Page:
KERR RESERVOIR: 185 miles () — (Route 58, Clarksville) Crappie anglers are all smiles. They’re finding them around lake and creek brush piles, bridge abutments and sunken wood. Some decent stripers are taken by Redfin lure trollers up and down the lake. Blue catfish continue to suck in bottom baits, but bass fishermen are having a tough time finding steady numbers of fish.

CHICKAHOMINY RIVER: 160 miles () — (Williamsburg area) A few rockfish are hooked by slow-trolling Redfin and other jerkbait lures. Catfish are hooked, but not many bass are seen.

JAMES RIVER: 115 miles () — (Tidal Richmond area and downstream) Some stripers are landed inside the river, up past Hopewell, but most of the catches are made up of blue catfish that like bottom-fished cut baits.


SHENANDOAH RIVER: 75-85 miles (..) — The Route 340, Front Royal, Luray and Bentonville areas will deliver the fish. The water is up and a little discolored, but some largemouth and smallmouth bass will be hooked on crankbaits, tube lures and spinners.

SMITH MOUNTAIN LAKE: 210 miles (..) — (Route 122, east of Roanoke) If you’re out on the lake, somewhere down around the “S” Curve and carry a topwater popping lure on your rod, be prepared for rising, feeding striper schools. The fishing has been pretty good.

UPPER JAMES RIVER: 130 miles (..) — (Route 6, south of Charlottesville, Scottsville) Wear your warm woollies when fishing up here now. It’s chilly, but the smallmouth bass should bite well this weekend. Tubes, crankbaits, jigs and short worms are the ticket.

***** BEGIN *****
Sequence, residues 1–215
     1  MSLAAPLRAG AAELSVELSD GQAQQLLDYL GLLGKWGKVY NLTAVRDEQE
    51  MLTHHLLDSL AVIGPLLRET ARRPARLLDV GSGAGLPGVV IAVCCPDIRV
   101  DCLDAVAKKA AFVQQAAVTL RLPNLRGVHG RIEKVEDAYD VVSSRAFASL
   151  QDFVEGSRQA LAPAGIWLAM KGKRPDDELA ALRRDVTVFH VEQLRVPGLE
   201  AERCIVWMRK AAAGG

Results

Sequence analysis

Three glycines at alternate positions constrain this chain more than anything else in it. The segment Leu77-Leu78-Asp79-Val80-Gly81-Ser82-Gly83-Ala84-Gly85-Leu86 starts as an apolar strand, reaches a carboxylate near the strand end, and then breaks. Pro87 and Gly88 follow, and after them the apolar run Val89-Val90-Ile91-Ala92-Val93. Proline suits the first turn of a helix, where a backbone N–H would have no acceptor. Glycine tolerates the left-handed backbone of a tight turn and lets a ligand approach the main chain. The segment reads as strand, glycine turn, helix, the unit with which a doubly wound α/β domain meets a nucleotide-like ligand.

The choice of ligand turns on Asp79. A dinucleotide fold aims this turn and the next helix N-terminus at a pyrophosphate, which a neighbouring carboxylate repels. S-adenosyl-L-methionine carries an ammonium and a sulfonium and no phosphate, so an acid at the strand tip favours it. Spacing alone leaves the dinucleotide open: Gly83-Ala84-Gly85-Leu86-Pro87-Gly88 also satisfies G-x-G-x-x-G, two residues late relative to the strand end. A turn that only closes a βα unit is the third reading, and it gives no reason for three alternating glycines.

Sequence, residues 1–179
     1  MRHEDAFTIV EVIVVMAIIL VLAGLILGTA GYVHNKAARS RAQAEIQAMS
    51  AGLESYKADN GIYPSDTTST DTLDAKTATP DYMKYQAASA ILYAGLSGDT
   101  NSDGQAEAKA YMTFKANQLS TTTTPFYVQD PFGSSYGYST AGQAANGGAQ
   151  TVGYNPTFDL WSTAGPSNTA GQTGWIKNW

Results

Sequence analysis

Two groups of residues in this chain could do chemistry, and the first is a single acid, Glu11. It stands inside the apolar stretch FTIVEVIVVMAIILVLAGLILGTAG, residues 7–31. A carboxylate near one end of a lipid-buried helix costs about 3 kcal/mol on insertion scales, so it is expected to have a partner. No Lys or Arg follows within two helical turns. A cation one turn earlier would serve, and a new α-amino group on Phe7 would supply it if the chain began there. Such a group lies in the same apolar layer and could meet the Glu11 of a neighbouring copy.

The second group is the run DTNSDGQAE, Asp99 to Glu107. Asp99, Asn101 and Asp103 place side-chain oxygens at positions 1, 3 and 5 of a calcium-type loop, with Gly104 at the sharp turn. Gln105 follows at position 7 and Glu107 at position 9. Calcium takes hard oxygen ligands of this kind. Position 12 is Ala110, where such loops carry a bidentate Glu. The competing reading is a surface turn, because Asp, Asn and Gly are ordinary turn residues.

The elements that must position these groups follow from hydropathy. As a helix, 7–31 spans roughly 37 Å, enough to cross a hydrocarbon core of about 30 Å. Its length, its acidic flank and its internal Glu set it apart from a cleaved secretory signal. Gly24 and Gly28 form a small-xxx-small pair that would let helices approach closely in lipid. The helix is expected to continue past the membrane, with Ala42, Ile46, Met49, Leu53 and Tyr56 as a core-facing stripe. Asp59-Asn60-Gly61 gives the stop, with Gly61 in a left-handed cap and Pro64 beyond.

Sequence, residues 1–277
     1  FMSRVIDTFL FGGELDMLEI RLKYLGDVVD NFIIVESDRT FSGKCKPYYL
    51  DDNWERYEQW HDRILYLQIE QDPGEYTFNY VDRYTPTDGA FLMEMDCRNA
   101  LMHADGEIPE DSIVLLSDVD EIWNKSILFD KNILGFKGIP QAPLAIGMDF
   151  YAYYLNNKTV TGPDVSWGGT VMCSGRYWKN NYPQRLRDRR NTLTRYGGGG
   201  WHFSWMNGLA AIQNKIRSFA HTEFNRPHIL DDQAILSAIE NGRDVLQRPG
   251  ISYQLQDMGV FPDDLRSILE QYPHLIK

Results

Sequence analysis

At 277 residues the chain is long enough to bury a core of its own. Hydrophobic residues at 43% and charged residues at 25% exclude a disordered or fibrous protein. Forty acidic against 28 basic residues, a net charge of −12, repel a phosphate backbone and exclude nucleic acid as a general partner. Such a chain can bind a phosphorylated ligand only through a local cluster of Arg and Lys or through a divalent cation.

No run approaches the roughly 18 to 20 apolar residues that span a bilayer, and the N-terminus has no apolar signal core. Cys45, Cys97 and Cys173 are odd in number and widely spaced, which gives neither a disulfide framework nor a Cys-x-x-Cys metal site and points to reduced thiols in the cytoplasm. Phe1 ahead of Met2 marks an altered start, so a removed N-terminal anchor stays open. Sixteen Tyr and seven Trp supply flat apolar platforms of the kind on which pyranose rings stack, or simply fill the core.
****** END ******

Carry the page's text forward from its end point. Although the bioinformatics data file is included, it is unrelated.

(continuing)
MARYLAND: 153-175 miles () — (Route 50 to Ocean City) The DNR’s Keith Lockwood reports: “Oceanside anglers who wish to venture offshore … have been taking some knocks lately due to windy weather. There were just enough breaks in the wind to allow several boats to head out to the Washington, Poorman’s Canyon area and they caught fish. The boats that reported in had catches of longfin albacore, along with a mix of yellowfin tuna and dolphin. Surf fishermen are beginning to see more and more striped bass in the surf lately and a lot of bluefish. A few red drum have also been caught and released. The fishing inside the Ocean City Inlet for tautog has been excellent this week. Many anglers are catching limits from the bulkheads and jetties just inside the inlet. Fishermen are also enjoying good fishing for striped bass and bluefish from the mouth of the inlet to the Route 50 bridge.”

VIRGINIA: 210 miles to Virginia Beach () — Ken Neill of the Peninsula Salt Water Sport Fisherman’s Association said, “Offshore fishing has been pretty much nonexistent out of Virginia. The few boats that got out did not catch much. Good catches of tuna were made both to the north and south of us, so there should be some fish out there to be caught. We just need some weather and boats to give us a chance to find them.” For charters call the Virginia Beach Fishing Center, 757/422-5700.